Read it today - http://www.slideshare.net/pmpodcast/five-pmp-exam-formulas-explained-presentation

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PMP Exam Tip - Assess Your PMP Exam Readiness with Free Sample Exams

 

Depositphotos 11240788 xsThe Internet is full of sites and blogs that help you prepare for the PMP Exam. As part of your PMP Exam Prep, you should take advantage of the many free, online sample exams. These will help you assess your readiness to take the actual exam.

Whether you can or cannot find time and money to enroll in a formal, classroom-style PMP Exam Prep course, answering hundreds (even thousands) of PMP Exam sample questions is a must. In the first few weeks of your PMP Exam Studies. it's OK to use just the free ones offered by various sources. These questions  prepare you for the rigors of the actual examination for your certification and give you some idea of what to expect. While these do not necessarily reflect actual test questions, they can provide tips and guides to properly respond to any question that may come your way on the "real" exam. The free questions help you to sharpen your knowledge and identify areas where you need to study more.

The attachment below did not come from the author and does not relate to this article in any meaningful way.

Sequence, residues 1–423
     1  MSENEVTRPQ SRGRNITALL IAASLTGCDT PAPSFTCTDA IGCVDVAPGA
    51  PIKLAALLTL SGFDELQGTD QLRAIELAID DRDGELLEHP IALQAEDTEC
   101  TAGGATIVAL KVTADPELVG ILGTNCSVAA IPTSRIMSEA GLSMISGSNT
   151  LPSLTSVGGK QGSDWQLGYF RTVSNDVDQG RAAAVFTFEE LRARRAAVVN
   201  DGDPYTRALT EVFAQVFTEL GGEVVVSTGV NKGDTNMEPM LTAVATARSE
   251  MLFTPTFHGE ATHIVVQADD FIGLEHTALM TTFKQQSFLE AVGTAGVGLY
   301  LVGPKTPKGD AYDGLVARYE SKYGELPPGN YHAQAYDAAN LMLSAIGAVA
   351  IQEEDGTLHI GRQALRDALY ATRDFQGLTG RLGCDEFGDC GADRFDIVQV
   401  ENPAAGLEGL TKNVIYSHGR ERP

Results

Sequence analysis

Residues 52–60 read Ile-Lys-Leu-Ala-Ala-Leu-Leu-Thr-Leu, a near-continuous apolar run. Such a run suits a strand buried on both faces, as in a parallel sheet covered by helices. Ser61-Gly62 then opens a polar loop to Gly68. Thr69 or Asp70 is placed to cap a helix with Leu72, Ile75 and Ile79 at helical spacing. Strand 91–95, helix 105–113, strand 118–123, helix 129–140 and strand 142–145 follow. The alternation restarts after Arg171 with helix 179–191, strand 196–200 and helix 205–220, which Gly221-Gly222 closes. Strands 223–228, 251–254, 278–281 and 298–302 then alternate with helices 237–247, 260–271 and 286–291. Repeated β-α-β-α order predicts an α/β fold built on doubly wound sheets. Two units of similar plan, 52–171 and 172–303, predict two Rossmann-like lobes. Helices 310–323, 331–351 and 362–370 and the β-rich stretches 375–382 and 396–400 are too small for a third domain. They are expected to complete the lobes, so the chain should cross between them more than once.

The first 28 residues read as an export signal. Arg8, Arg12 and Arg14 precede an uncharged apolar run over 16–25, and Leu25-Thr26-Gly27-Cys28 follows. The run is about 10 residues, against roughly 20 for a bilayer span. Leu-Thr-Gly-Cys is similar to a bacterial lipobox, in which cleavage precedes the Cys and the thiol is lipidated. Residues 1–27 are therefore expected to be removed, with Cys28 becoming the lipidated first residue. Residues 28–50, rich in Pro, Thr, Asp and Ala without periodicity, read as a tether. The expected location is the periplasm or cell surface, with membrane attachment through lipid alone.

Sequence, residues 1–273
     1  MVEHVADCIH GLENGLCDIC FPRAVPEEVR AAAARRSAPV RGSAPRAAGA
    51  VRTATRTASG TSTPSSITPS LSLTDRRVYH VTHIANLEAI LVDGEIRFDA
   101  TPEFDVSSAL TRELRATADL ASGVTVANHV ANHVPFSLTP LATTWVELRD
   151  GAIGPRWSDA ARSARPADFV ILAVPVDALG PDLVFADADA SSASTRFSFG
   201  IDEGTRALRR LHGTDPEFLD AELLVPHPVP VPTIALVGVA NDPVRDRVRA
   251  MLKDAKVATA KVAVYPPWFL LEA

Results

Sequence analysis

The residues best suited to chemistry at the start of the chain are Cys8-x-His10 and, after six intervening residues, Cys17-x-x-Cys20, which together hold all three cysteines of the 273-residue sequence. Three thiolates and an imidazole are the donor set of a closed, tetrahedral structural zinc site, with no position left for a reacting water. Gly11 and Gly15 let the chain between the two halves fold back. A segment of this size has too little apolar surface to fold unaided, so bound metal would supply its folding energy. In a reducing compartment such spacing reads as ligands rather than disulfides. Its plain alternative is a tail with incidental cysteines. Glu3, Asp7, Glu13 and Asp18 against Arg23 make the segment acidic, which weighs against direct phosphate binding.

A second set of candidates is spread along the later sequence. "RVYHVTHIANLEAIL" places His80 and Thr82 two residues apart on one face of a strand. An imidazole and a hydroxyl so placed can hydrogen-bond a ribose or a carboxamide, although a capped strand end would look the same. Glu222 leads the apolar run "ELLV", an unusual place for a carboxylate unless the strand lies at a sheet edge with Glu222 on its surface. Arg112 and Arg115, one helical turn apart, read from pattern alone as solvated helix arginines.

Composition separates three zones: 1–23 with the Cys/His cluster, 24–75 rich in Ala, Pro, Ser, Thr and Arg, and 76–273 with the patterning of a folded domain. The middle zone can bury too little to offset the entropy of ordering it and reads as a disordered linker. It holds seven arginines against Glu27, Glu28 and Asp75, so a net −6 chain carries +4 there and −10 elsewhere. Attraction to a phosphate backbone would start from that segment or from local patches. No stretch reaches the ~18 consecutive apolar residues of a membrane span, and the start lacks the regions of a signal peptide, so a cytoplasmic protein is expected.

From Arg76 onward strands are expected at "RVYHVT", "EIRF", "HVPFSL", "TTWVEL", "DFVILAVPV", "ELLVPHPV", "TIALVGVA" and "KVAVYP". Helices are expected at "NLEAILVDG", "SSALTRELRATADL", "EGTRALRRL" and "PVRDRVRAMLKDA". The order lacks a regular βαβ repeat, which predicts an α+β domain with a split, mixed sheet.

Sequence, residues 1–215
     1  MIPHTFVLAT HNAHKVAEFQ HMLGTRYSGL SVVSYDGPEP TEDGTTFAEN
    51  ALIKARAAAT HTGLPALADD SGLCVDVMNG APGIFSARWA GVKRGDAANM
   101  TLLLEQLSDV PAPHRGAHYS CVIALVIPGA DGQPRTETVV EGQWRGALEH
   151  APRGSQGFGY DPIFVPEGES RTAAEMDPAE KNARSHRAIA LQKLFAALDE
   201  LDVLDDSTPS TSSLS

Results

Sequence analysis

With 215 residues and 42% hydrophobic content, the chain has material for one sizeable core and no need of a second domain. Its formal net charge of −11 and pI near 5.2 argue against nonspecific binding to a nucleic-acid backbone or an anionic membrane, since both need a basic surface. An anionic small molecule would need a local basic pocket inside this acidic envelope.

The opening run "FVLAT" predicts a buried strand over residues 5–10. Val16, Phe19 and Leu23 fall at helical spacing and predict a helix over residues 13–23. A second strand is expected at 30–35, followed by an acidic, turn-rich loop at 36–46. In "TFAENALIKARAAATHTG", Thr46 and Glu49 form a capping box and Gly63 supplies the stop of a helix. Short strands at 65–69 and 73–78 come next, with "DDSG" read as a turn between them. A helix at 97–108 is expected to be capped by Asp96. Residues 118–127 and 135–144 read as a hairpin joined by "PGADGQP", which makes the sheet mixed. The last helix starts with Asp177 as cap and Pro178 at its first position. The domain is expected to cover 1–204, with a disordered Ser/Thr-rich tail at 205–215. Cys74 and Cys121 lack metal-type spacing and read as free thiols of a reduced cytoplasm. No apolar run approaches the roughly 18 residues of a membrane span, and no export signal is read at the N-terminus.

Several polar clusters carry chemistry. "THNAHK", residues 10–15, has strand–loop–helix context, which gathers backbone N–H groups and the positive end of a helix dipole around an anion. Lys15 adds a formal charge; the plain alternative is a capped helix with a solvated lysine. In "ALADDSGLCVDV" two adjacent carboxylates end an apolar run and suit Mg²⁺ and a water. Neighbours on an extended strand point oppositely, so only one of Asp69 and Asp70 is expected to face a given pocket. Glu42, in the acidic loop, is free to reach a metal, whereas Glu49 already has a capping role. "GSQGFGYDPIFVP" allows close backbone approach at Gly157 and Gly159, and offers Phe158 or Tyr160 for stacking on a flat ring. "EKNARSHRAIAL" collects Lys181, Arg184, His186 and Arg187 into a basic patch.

However, after some weeks you will not only tire of constantly searching for new free questions. You will also begin to notice that free questions are not always of the same quality. Some are excellent, some are OK and many are really bad. That is the moment when you have to consider signing up for a PMP Exam Simulator. Yes, subscribing to such a simulator is going to take some money, but in the end, your goal should be to pass the exam. Invest this money into being well prepared for the exam.

So when taking courses for your PMP Exam preparations, make sure that you get at least some free test questions offered by these courses. Together with the free sample questions on the internet and the ones of your PMP Exam Simulator you will be able to prepare yourself well.